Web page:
I write this post on the day that The Lancet has published its 2022 report ‘Countdown on health and climate change: health at the mercy of fossil fuels’, which highlights how — at 1.1°C of heating — climate change is “increasingly undermining every pillar of good health and compounding the health impacts of the current COVID-19 pandemic and geopolitical conflicts”.
It warns of the various consequences of climate change; damaging the natural and social systems on which health depends.
The report leads me to ponder another impact on humanity, one based on pharmacy’s unique link with the natural world and our longstanding exploration of medicinal plants for the prevention and treatment of disease. I am not the first to ask this question — if the papers in this month’s RPS journals are anything to go by, products of natural origin remain of high interest to a wide community of people.
One paper, published in Journal of Pharmacy and Pharmacology (JPP), examines boropinol-B for sleep. Boropinol-B is a phenylpropanoid compound originally isolated from Boronia pinnata Sm, a shrub belonging to the Rutaceae family native to New South Wales, Australia.
The paper examines the sedative–hypnotic effects of Boropinol-B in rodents, based on its structural similarity to another natural compound with sedative effects known as α-asarone.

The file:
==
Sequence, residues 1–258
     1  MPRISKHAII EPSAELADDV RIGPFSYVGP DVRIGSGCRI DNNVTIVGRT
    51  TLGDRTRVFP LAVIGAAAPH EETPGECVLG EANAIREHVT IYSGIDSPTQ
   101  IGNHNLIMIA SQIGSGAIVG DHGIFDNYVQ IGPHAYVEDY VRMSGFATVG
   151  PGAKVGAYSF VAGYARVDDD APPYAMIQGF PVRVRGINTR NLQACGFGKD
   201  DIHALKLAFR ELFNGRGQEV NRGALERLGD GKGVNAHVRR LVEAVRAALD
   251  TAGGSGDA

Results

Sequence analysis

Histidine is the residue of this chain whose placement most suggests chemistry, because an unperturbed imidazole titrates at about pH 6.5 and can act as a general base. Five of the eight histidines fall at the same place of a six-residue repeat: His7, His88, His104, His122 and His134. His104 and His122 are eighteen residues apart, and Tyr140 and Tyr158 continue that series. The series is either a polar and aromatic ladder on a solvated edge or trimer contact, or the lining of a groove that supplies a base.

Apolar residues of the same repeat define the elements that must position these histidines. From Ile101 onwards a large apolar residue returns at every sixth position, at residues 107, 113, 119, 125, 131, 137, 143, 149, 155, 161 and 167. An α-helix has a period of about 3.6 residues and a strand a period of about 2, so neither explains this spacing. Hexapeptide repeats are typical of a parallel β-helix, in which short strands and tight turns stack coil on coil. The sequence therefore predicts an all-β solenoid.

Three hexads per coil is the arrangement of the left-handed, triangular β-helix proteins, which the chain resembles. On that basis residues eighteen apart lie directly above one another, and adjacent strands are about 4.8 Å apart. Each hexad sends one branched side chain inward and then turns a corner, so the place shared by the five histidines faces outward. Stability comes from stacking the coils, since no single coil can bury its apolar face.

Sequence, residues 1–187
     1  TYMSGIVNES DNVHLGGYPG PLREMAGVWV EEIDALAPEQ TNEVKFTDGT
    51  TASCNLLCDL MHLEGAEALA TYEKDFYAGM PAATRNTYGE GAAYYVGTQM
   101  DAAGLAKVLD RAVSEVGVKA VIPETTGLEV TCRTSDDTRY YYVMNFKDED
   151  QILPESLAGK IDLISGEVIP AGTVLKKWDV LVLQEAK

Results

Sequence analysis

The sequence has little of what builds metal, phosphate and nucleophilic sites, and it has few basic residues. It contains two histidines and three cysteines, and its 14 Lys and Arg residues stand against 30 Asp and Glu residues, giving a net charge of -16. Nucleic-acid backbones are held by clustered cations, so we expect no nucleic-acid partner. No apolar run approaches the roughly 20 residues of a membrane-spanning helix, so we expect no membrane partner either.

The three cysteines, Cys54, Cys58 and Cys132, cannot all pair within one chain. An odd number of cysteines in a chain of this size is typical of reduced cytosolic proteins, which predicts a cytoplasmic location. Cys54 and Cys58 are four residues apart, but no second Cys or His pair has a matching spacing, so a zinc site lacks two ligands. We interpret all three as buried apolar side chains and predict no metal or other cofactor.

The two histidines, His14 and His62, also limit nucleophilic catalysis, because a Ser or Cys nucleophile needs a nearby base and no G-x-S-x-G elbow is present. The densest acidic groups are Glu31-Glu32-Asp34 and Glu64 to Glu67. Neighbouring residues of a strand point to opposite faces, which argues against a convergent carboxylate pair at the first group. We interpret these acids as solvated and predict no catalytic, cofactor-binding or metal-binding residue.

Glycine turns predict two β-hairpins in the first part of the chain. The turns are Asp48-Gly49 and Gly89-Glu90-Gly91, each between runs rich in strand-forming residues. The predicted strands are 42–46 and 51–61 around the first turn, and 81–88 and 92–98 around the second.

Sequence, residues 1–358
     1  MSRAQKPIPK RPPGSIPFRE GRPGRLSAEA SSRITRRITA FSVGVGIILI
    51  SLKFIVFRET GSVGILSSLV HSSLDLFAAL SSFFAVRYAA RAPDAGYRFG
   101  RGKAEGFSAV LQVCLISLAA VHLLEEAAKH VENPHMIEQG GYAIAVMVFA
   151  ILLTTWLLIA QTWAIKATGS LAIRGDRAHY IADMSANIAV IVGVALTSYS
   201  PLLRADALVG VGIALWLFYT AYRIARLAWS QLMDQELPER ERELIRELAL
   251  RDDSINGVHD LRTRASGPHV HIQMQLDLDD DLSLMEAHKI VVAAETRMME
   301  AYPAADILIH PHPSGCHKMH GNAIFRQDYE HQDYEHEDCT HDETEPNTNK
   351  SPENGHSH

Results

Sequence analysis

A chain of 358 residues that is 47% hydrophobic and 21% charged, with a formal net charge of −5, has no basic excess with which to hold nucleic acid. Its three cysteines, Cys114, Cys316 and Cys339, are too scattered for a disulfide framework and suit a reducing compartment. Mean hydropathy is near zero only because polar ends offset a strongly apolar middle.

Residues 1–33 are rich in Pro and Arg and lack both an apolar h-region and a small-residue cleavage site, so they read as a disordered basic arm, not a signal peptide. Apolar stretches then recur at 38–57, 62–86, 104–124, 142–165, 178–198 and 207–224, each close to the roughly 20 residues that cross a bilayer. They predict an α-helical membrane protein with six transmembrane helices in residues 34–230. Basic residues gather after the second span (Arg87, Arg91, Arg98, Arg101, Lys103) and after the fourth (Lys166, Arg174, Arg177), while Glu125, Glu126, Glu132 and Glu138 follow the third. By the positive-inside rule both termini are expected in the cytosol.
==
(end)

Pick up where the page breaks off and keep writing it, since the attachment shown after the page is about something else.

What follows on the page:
A quick background check on α-asarone reveals both therapeutic promise and potentially carcinogenic effects, and it acts as a reminder of two important concepts. First is that products of natural origin should be treated with caution and fully investigated before use; second, that structure–activity relationships — the idea that the biological activity of a compound is linked with its chemical structure — maintain their importance in pharmacy and can be exploited in research. The JPP paper illustrates the sedative-hypnotic potential for boropinol-B via several neat experiments.
Using pentobarbital sodium to promote sleep in mice, the researchers found that Boropinol-B, given at the higher dose of 80mg/kg, tested against a control and a benzodiazepine comparator (estazolam) given at 2mg/kg), showed a synergistic effect on promoting sleep. This was measured by the number of mice that fell asleep, how long it took to get to sleep and the duration of sleep. Additionally, using caffeine to increase locomotor activity in mice, measured by distance moved and frequency of standing up, they found that Boropinol-B illustrated the ability to confer resistance to increased locomotor activity similar to the estazolam comparator.
The paper details other experiments to illustrate boropinol-B’s potential in sleep; for example, there was no residual effect on locomotor activity in caffeine-treated mice six hours after administration suggesting rapid elimination; pharmacokinetic studies in rats showed a rapid onset of action (Tmax = 0.12h) and a short elimination half-life (t1/2β = 0.87 h); and homogenised brains of mice who were caffeine-treated, then sacrificed, showed higher γ-aminobutyric acid (GABA) levels with both boropinol-B (80mg/kg) and estazolam, suggesting modulation of the GABAergic pathway to induce sleep.
Of course, in vitro and in vivo animal experiments are just the starting point in the long journey of drug discovery and development, and scientists will need to repeat these experiments and build on them to further illustrate the usefulness and safety of this herb-derived compound in humans.